Blogging and Academia
The Wall Street Journal Online has an interesting article on blogging, the internet and Law Reviews. The article has some relevancy to academic journals specializing in Judaic Studies although there are a number of important differences. One is that many articles in Law Reviews discuss a timely matter which has to a certain extant a limited shelf-life. Another is that Law Reviews are to a large extent run by law students and not established scholars in the field. Despite these important differences anyone interested in the relevancy of academic studies should read it. The following quotes caught my eye:
“For years, publishing in journals has been a prerequisite to getting tenure or to moving to a more prestigious institution. And for just as long, scholars and laypeople have criticized the stultifying style of legal academic articles, which tend to be extraordinarily long (sometimes 100 pages or more), dense, and endlessly — even sadistically — footnoted.But the most recent wave of criticism has been especially costly to the legal journals. More than any other time in the past, law professors are looking beyond law reviews, moving relevant and timely commentary to the Internet and the blogosphere.”
and maybe more importantly,
“The debate about law reviews isn’t simply academic. Rather, the issue puts into question the role of what professors should do when they’re not teaching. “Legal scholarship is at a crossroads,” says Ethan Leib, a young professor aiming for tenure at Hastings College of the Law in San Francisco. “The question we’re asking is: Is our job to advance knowledge through contributions to academic journals, or is it to contribute to the public conversation about law?”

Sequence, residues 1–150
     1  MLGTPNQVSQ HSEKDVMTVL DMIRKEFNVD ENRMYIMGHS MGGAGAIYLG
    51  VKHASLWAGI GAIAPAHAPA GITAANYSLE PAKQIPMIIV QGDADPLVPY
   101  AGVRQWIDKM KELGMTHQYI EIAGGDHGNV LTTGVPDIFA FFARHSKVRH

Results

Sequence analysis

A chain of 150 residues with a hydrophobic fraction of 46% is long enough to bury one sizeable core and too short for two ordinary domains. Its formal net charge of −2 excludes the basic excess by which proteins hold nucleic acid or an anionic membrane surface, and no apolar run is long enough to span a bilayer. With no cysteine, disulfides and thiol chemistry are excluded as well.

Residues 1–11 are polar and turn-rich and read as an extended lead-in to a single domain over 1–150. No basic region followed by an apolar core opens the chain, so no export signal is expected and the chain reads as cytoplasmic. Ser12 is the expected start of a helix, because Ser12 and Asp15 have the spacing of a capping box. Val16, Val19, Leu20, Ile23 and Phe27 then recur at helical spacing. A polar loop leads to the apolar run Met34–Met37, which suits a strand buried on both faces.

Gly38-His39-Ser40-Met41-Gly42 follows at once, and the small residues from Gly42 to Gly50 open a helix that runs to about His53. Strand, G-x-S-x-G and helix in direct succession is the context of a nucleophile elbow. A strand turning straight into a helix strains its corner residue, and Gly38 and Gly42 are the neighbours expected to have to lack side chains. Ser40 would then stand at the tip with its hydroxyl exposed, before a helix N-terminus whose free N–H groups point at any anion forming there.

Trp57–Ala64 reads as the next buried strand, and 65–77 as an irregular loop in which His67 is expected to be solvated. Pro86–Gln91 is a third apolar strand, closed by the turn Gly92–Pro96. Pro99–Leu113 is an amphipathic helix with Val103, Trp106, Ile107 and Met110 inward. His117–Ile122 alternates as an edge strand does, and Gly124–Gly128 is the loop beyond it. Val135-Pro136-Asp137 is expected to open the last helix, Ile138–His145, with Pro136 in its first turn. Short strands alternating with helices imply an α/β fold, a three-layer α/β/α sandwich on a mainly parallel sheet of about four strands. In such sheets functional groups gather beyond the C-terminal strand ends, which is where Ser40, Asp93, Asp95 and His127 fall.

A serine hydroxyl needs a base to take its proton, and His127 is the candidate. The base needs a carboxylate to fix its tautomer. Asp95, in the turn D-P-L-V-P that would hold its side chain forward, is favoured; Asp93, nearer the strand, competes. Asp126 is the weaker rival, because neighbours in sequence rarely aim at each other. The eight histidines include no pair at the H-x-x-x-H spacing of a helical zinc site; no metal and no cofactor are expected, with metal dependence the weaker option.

What is the role of academic journals in the field of Judaic Studies? Who are their target audiences? Are scholars just trying to publish articles to fill their “tenure quota” at the expense of more important research, possibly more long-term, that they could be doing? Should scholars of Jewish Studies be concerned about “the public conversation”?
Update: More here from Concurring Opinions on the issue. We like Daniel J. Solove’s formulation, “While blogging is not a replacement for scholarship, I agree…that it is a useful form of sharing ideas and staying current.”